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The makers of Crazy Rich Asians know a thing or two about prosperity. The movie made crazy rich money at the box office, raking in $174 million in the U.S. and $218 million worldwide.
So, when the movie references auspicious symbols, maybe we should pay attention. 👀😊 Below are five of the film’s lucky moments explained.
Before Rachel flies to Singapore to meet her boyfriend Nick Young’s family, her mom recommends she buy a red dress. “This symbolizes good fortune — and fertility,” she says with a wink. “Wearing a lucky color will make a good first impression.”
IOHO, Rachel looks super cute in her swingy red dress. But when she visits her old college roomie, Peik Lin (hilariously portrayed by Awkwafina), her friend’s entire family lets her know that an off-the-rack dress isn’t nearly glamorous enough for her BF’s unfathomably wealthy clan.
“I thought red was a lucky color. Right?” asks Rachel.
“Yeah, if you’re an envelope,” jokes Peik Lin’s dad.
In China and other Asian countries, friends and family give each other red envelopes stuffed with money on Lunar New Year and other special occasions, including weddings and births. The envelope’s red color represents good fortune and joy.
The Young clan likes an excuse to celebrate! At the start of their stay in Singapore, Nick’s grandmother gathers her family — and the rest of Singapore’s glitterati — to watch her fragranttan hua flowers bloom. The cactus plant’s white petals unfurl once a year and they only do so at night.
In the book on which the movie is based, Nick’s cousin, Astrid, attempts to lure her reluctant husband to the party by saying “it’s awfully good luck to see the flowers bloom.” Later, another one of Nick’s cousins explains to Rachel that it’s “very auspicious to witness tan huas blooming.”
Because the fragrant flowers only last a few hours, the Chinese idiom “tan hua yi xian” is used to describe someone who had an impressive but short-lived moment of fame — in other words, someone had their fifteen minutes of fame.
“Chinese culture is reflected in some of the film’s more subtle details and aesthetic choices,” points out HuffPost. “Rachel and Nick’s grand hotel room contains a blue and white ceramic vase that bears the Chinese characters for ‘double happiness,’ a phrase often used in wedding decorations.” (Perhaps this is a sign of good things to come for the couple!)
Indeed, the film’s production designer told Bridal Guide that hand-painted lanterns with blessings for double happiness, prosperity, and fertility were created for the opulent wedding scene.
Before the wedding rehearsal dinner, the Young family gathers together to make dumplings for the big event. Nick shows Rachel how his grandmother taught him to make dumplings: “You put the baby in bed” and then you “tuck, tuck, tuck” the baby into bed. Or, in more literal terms, you place the meat-and-vegetable filling in the middle of the rolled-out dough, and then you fold the dough around the filling and pinch it closed.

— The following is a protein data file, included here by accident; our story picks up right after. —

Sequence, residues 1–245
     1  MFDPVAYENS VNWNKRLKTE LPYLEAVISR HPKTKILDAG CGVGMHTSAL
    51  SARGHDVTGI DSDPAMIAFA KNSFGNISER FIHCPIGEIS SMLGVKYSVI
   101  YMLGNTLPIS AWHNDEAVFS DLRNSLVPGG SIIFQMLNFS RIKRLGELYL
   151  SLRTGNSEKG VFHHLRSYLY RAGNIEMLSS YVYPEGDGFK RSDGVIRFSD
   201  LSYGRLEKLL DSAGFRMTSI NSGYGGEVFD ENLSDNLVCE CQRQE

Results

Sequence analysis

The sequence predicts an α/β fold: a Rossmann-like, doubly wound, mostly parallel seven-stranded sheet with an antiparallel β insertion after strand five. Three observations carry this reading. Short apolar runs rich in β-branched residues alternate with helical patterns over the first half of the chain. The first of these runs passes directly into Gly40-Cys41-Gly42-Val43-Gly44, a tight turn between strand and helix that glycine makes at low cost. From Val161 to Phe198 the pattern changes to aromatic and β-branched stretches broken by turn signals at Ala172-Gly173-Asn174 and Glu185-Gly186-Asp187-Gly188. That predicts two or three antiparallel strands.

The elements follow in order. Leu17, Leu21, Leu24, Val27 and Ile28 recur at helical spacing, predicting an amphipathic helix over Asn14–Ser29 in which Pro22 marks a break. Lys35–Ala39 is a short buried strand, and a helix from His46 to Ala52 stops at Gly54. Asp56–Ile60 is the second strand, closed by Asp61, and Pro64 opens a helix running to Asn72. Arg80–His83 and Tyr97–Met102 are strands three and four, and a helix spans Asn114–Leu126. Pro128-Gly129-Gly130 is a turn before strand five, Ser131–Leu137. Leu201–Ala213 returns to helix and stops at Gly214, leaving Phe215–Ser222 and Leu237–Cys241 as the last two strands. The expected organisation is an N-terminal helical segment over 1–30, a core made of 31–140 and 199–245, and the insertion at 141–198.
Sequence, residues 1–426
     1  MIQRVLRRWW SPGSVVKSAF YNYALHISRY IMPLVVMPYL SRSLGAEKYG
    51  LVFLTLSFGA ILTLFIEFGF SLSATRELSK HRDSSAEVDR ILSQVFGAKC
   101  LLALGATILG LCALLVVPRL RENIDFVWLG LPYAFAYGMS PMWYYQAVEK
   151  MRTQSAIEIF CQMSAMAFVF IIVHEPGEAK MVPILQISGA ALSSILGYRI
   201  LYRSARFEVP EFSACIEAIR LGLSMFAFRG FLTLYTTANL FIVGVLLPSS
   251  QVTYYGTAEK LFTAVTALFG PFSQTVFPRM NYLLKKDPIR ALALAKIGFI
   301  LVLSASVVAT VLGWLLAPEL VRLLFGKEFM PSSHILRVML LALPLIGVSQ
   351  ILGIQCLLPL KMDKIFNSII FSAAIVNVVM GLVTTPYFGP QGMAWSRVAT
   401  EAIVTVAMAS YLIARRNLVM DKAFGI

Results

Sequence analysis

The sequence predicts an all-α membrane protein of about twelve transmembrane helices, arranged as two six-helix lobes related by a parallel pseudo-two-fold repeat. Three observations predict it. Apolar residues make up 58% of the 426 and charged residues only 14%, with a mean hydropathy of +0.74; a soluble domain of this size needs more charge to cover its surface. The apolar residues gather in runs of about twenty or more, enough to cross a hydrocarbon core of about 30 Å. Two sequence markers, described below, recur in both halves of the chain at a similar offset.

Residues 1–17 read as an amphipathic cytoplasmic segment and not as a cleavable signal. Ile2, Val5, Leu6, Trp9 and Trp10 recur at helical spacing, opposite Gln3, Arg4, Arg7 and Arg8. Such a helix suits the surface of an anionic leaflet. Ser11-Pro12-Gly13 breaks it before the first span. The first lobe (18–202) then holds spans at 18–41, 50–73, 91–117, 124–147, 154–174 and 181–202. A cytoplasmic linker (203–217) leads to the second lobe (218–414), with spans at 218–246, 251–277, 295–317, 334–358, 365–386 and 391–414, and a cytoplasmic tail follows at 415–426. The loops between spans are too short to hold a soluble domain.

As cute and innocuous as this scene seems at first, the adorable dumplings hold a much meatier meaning. Thanks to their resemblance to currency used during the Ming Dynasty, the crescent-shaped snacks symbolize wealth and prosperity. And in the movie, the dumplings also represent more than just dough: As the website Eater notes, they “are symbolic of family history, a link tying the Youngs together through tradition. The elder Youngs taught their children how to make these specific dumplings, and they’re expected to pass the tradition on.”
In the pivotal mahjong battle between Rachel and Nick’s mother, Eleanor, Rachel’s power is palpable even if you’re totally clueless about the game. But as explained in an article on Vox, the game’s tiles have quite a tale to tell:
“The four seats in mahjong are named after the compass directions,” explains the journalist Jeff Yang. “Eleanor, in the role of the ‘East,’ representing Asia, is the player in control. Rachel, sitting across from her, represents America — the ‘West.’”
“Early in the scene, Eleanor completes a “pong,” or a matched set of tiles. In this move, Eleanor communicates to Rachel that she “is trying to create a winning hand comprising all matches of the same exact tile — an ‘extended family’ that’s metaphorically composed of kaki lang [our kind of people].”
“Rachel … draws the most important tile in the game: an eight of bamboo,” writes Yang. (Spoiler alert: This is the winning tile for both her and Eleanor.) “The number eight is of huge symbolic importance to the Chinese; it resembles the character for fortune and is considered a sign of wealth, prosperity, and happiness. It’s why so many Chinese license plates, phone numbers, and even street addresses contain eights.”
Adds Yang, Rachel “also had two ‘bonus tiles’…” One “appears to be a chicken tile. … As Peik-Lin points out, Rachel and Eleanor are engaged in a game of ‘chicken.’ In this scene, Rachel proves that she won’t be the one run off the road.” BUK BUK!
While not everyone can afford the Young family’s life of luxury, we can all treat our loved ones to the world’s most luxurious floss. Cocofloss will make their pearly whites gleam like cousin Astrid’s $1.2 million dollar earrings!